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Studies on the relationship between boron and magnesium which possibly affects the formation and maintenance of bones [electronic resource]

Permanent URL:
http://handle.nal.usda.gov/10113/49308
Abstract:
Recent findings are reviewed indicating that changes in dietary boron and magnesium affect calcium, and thus bone, metabolism in animals and humans. In animals, the need for boron was found to be enhanced when they needed to respond to a nutritional stress which adversely affected calcium metabolism, including magnesium deficiency. A combined deficiency of boron and magnesium caused detrimental changes in the bones of animals. However, boron deprivation did not seem to enhance the requirement for magnesium. In two human studies, boron deprivation caused changes in variables associated with calcium metabolism in a manner that could be construed as being detrimental to bone formation and maintenance; these changes apparently were enhanced by low dietary magnesium. Changes caused by boron deprivation included depressed plasma ionized calcium and calcitonin as well as elevated plasma total calcium and urinary excretion of calcium. In one human study, magnesium deprivation depressed plasma ionized calcium and cholesterol. Because boron and/or magnesium deprivation causes changes similar to those seen in women with postmenopausal osteoporosis, these elements are apparently needed for optimal calcium metabolism and are thus needed to prevent the excessive bone loss which often occurs in postmenopausal women and older men.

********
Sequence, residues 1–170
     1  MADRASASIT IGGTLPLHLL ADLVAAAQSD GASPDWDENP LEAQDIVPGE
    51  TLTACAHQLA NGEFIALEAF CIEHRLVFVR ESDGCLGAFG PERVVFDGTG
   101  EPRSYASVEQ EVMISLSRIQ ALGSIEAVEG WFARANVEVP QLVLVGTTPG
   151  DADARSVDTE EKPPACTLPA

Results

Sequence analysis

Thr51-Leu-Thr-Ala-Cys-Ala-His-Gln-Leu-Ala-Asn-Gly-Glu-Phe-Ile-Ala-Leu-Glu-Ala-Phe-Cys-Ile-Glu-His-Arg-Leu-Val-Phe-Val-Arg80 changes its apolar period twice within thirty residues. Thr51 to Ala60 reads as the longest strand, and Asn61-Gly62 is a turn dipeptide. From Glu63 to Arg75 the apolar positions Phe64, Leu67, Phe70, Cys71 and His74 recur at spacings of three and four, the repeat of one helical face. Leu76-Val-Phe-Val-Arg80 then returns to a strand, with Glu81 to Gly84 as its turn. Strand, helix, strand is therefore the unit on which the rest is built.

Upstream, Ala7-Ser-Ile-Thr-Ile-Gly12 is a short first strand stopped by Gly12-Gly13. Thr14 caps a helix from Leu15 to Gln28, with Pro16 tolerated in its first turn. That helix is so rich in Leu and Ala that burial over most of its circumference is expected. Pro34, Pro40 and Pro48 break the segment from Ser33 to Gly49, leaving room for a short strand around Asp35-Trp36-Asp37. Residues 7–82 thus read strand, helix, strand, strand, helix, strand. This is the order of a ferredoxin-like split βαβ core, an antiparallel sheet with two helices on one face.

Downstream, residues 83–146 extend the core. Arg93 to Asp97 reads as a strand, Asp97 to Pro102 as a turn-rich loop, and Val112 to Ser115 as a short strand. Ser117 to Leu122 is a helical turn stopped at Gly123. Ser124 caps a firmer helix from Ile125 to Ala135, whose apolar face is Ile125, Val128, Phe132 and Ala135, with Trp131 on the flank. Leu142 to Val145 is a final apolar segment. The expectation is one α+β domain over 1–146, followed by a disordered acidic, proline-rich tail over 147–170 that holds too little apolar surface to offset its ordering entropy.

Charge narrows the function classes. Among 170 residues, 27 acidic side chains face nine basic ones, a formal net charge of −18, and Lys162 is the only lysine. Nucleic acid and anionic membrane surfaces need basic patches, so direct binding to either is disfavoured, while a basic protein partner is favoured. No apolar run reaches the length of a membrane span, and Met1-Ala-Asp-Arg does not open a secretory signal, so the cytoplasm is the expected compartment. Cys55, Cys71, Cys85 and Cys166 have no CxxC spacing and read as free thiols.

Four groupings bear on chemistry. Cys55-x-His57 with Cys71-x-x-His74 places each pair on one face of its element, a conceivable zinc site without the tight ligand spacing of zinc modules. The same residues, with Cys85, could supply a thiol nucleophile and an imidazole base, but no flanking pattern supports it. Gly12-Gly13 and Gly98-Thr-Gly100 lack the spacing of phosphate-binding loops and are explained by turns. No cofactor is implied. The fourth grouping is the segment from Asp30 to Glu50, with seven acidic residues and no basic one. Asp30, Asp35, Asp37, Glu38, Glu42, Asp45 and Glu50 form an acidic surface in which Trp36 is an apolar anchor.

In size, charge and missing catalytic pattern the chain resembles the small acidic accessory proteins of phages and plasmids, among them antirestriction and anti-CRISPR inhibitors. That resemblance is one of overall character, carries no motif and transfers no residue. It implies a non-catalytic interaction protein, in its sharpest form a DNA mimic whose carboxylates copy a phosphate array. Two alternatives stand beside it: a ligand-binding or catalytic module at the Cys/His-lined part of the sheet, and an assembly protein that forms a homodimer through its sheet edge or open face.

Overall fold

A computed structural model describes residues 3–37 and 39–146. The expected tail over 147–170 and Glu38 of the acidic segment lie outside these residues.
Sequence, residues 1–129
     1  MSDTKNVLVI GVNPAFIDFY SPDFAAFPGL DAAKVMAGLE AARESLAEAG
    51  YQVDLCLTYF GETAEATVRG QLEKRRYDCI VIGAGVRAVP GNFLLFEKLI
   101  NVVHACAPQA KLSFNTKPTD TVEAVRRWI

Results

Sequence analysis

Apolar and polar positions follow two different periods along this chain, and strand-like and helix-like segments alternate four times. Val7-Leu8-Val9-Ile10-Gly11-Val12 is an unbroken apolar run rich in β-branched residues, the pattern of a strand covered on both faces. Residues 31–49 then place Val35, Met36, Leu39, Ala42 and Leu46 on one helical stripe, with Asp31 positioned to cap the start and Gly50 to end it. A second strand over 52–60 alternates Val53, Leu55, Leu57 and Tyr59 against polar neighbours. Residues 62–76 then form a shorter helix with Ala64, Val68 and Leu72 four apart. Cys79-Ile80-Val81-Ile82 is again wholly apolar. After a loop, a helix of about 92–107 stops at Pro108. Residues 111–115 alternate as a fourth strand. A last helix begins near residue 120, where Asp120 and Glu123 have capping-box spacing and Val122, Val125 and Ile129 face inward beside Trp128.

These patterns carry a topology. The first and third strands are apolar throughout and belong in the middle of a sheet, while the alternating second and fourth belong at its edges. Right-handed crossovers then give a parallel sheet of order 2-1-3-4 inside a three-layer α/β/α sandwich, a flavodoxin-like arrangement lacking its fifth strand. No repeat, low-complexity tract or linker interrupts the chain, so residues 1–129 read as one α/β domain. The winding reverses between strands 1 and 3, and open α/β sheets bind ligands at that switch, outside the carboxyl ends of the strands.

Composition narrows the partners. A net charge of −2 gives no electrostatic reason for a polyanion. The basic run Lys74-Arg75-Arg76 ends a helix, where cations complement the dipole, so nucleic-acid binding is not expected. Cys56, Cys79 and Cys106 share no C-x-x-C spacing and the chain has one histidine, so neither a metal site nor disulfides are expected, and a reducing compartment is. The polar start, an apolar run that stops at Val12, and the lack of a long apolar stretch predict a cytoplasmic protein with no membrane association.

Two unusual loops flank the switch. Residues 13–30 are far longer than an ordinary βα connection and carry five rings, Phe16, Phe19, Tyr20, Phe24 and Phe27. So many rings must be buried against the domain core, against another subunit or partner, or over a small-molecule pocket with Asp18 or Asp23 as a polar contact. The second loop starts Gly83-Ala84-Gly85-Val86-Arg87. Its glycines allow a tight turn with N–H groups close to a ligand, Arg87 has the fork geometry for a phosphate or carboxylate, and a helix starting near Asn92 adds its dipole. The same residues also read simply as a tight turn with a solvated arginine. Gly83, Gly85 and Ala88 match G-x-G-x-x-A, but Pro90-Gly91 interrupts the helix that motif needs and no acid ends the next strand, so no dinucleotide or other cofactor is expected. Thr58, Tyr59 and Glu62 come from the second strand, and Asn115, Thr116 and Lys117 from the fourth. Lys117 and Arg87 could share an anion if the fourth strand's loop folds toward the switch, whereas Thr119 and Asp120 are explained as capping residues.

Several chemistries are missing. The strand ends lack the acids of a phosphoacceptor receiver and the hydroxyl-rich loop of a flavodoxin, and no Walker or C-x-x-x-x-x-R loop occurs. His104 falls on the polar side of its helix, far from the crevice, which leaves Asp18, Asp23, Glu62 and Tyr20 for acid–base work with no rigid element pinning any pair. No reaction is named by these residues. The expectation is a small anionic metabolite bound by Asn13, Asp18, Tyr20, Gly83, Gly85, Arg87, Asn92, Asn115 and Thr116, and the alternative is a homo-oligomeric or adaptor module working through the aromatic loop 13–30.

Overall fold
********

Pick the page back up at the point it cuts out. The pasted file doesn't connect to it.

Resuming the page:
Author(s):
Nielsen, Forrest H.
Subject(s):
magnesium , boron , calcium , metabolism , bone formation , osteoporosis , nutrient deficiencies , human nutrition , animal nutrition , animal models , calcitonin , cholesterol
Format:
p. 61-69.
Note:
Includes references
Source:
Magnesium and trace elements 1990, v. 9, no. 2
Language:
English
Year:
1990
Collection:
Journal Articles, USDA Authors, Peer-Reviewed
File:
Download [PDF File]
Rights:
Works produced by employees of the U.S. Government as part of their official duties are not copyrighted within the U.S. The content of this document is not copyrighted.